For anyone who doesn't believe that baseball is a game of inches, Free State High's 5-4 loss Friday to Shawnee Mission Northwest in the Class 6A state tournament should provide enough evidence.
The Firebirds, who entered the tournament as the No. 3 seed, saw their third straight season end in what has become an all-too familiar scene - lots of tears and condolences, but no championship plaque.
"Athletics : it's a microcosm of life," Free State coach Mike Hill said. "It's one of those situations where it's going to be tough to handle for a couple of days. But, as a man, you've got to get back up and get moving."
Free State's dead-set determination to erase the memory of last year's loss in the championship game was apparent early as they took a 2-0 lead in the bottom of the first following a 1-2-3 inning by senior lefty Max Ellenbecker.
But the Cougars, who defeated Sunflower League runner-up Olathe North to get to Hoglund Ballpark, showed some guts to claw back.
They began to swipe the momentum in the top of the fourth when designated hitter Drew Madison led off with a triple over the head of Free State right fielder Scott Heitshusen. That was followed by another three-bagger from Jason Enyart into the right-center gap, plating Madison. Enyart then scored a minute later on a base hit to even the count at 3.
Jake Hoover became the third Free State pitcher to see action in the fifth, but initially couldn't find the magic that helped him dominate the Cougars, 2-1, on April 28. After surrendering two runs to fall behind 5-3, Hoover faced a bases-loaded, no-out situation. To make matters worse was rain that was picking up strength.
The two early runs were the result of pitches getting away from Hoover as he struggled to keep his footing, but Billy Waldman nearly put the game out of reach with a shot down the right-field line that landed just foul.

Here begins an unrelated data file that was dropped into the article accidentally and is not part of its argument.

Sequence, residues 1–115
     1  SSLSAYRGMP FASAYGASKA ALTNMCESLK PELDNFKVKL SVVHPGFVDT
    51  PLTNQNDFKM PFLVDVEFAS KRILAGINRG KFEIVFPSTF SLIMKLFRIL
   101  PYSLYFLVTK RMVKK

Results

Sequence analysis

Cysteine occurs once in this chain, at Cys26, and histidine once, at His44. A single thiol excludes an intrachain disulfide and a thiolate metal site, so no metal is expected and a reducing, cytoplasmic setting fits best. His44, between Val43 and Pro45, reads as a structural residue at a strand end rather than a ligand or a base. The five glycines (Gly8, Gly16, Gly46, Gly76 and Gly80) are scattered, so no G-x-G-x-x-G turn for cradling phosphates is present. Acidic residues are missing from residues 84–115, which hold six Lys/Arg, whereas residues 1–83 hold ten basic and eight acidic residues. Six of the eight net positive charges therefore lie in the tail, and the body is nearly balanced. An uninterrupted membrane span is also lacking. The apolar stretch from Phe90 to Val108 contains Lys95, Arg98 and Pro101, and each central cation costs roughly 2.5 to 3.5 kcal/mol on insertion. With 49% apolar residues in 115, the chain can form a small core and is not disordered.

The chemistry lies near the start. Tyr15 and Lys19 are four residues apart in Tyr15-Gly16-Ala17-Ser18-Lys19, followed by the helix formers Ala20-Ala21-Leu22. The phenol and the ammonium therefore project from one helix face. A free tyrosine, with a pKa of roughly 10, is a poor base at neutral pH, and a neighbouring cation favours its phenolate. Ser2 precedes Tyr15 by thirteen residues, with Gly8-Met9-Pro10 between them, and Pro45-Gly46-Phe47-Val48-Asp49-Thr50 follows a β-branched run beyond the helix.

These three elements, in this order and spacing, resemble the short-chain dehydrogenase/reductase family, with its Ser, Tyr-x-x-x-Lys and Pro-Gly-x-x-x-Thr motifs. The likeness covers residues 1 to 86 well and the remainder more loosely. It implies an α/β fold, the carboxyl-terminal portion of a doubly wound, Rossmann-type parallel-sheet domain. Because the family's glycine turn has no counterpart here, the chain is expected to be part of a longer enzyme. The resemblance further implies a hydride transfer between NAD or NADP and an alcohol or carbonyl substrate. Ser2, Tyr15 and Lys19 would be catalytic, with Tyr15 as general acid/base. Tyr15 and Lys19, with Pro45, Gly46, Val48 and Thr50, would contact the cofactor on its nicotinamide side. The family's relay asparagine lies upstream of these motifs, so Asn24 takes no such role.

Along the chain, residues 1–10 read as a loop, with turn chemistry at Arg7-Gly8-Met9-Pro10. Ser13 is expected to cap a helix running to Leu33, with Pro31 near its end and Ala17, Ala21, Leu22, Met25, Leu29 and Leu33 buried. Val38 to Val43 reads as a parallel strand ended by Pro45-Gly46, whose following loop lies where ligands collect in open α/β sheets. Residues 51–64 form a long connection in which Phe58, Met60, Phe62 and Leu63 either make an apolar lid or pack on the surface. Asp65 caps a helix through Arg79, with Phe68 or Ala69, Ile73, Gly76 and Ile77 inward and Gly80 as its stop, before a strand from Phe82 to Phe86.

By about two inches.
Instead, Hoover recovered to strike him out, but then was forced to try and stay warm during a 101-minute rain delay.
Hoover came out of the delay and immediately struck out two Cougars to strand the bases loaded, and yelled in jubilation as he ran to the dugout.
He proceeded to mow down the Cougars in the final two innings in order, finishing with six strikeouts in three innings pitched.
"That was probably the biggest situation I've been in this year," Hoover said. "I just came in, knew I had to throw strikes, knew I had to keep the ball down, and threw it where they weren't swinging."
But Hoover's courage would be matched by SM Northwest sophomore Matt Page.
Page was forced into the game in the bottom of the fifth, after Hoover rocketed a shot off the right shin of Northwest starter Kyle Bates, who had struck out six Firebirds to that point.
The game-of-inches theory came into play again, as the line drive ricocheted to first base. Had it gone through, the hit would have tied the game for Free State, who had runners on second and third. Instead, Page worked out of the jam and glided through the sixth.
But in the seventh, he was rattled after walking Robby Price and then Anthony Dreiling after being ahead in the count 0-2. Free State had no outs and the game-winning run at the plate in the form of Brett Lisher.
"I got pretty excited at that point, and then I actually laid down a bunt, which I'm not really good at," Lisher said. "But when we got them over to second and third, I had a pretty good feeling about it."
Hill said after the game he would ask Lisher, who entered the game hitting at a .349 clip, to bunt in that situation every time, sacrificing the out to have both players in scoring position.
In a situation that could mentally break a young pitcher, Page endured.
The Firebirds only could plate one of the runners on a sacrifice fly, and Lorenzo Ricketts' pop-out to shortstop left Free State in the shadows for the third straight May.
"We hit the ball hard all night, but we just hit it right to them," said Lisher, who will be one of six returning starters in 2006. "There's nothing you can do about it. It's over. Gear up for next year."